OK, so you hip film-oriented folks already know about the amazing movies of Andrei Tarkovsky. (If you like them as much as I do, you may be interested in a couple of web sites that do a good job of presenting information and ideas about his work.) If you’re in the New York area, you probably know about the retrospective going on at the Walter Reade (and I suggest getting a membership, so you can go as often as you like for half the price). You may even know that the director was the son of the poet Arsenii Tarkovsky (Russian link; I apologize to non-Russophones, but—shamefully—there does not appear to be an English-language site that discusses this peer of Akhmadulina and Voznesensky, if not of Brodsky, other than as the father of the director).
But I’ll bet you didn’t know (unless you’re Avva, who knows all sorts of obscure things) that he was the direct descendant of the shamkhals of Tarki, feudal rulers of the Turkic Kumyk people who dominated a big chunk of the eastern Caucasus from the sixteenth century until the Russians conquered them in the early nineteenth. (Tarki, or Tarkou, was a fortress town near what is now Makhachkala in Dagestan; the adjectival form in Russian is tarkovskiy.) When Yo’av Karny, author of the delightful and informative book Highlanders (well reviewed here) asked a current Kumyk leader if Tarkovsky could have been the leader of a revived shamkhalate, he laughed and said “Sure, why not?”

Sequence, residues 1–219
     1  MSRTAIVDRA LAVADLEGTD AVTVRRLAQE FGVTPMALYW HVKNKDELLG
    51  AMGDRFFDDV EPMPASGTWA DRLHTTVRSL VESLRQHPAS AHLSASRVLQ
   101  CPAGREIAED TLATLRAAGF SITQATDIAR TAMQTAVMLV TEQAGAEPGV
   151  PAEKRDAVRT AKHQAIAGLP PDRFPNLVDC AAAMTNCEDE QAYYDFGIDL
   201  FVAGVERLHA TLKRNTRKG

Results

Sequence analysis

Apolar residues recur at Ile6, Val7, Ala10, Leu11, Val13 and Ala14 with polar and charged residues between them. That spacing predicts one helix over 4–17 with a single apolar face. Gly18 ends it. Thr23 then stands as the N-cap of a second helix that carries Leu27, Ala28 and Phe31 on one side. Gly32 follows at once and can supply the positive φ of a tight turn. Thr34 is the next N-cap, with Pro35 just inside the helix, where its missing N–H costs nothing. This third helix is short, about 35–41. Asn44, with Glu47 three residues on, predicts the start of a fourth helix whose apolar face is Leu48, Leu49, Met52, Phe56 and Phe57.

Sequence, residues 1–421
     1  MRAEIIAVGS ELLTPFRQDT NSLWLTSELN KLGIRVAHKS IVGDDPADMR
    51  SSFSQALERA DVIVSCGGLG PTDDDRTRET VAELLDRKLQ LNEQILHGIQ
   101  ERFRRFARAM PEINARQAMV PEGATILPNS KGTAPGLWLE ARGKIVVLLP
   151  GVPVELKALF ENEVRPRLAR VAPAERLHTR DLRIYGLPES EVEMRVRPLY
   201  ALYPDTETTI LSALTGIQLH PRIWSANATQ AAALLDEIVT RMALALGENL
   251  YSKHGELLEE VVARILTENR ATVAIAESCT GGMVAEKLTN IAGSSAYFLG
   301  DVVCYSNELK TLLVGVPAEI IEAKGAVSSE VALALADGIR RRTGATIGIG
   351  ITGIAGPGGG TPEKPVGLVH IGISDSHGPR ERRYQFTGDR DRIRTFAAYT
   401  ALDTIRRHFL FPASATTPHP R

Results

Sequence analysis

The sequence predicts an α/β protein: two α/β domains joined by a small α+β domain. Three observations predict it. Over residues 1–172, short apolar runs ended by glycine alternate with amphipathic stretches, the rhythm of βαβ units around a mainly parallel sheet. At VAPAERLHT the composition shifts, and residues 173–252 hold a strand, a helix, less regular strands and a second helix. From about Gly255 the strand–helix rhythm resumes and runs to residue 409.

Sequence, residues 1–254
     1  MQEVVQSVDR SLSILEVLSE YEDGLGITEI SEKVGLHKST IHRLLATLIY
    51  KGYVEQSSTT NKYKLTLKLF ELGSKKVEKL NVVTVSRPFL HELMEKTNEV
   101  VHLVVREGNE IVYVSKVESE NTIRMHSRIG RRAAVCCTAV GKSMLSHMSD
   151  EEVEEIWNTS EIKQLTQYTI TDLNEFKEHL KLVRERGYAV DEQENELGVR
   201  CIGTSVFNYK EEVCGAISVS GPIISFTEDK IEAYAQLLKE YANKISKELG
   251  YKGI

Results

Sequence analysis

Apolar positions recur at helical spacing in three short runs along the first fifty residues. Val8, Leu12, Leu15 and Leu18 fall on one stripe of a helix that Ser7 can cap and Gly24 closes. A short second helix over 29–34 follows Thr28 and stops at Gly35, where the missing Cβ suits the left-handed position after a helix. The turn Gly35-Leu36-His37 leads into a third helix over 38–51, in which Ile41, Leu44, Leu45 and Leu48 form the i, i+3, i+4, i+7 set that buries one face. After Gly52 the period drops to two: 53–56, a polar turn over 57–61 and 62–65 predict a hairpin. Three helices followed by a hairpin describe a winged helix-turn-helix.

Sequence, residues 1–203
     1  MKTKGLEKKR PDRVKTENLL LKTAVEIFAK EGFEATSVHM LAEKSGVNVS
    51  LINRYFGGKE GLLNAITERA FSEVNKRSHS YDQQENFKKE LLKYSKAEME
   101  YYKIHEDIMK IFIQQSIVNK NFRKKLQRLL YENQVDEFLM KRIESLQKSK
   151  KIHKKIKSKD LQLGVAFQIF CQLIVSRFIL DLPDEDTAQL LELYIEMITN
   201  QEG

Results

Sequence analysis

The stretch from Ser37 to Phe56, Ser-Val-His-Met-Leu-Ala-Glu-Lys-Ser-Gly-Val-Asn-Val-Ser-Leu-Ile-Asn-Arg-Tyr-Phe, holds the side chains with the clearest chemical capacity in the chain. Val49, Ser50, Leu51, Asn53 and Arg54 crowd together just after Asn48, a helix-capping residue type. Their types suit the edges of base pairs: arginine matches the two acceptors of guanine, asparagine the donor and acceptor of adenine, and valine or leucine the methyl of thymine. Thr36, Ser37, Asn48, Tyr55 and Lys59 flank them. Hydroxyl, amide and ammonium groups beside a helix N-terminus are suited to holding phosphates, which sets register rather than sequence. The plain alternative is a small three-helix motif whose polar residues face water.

Update. It turns out that’s complete bullshit. See my follow-up. Oh well, it was a good story.

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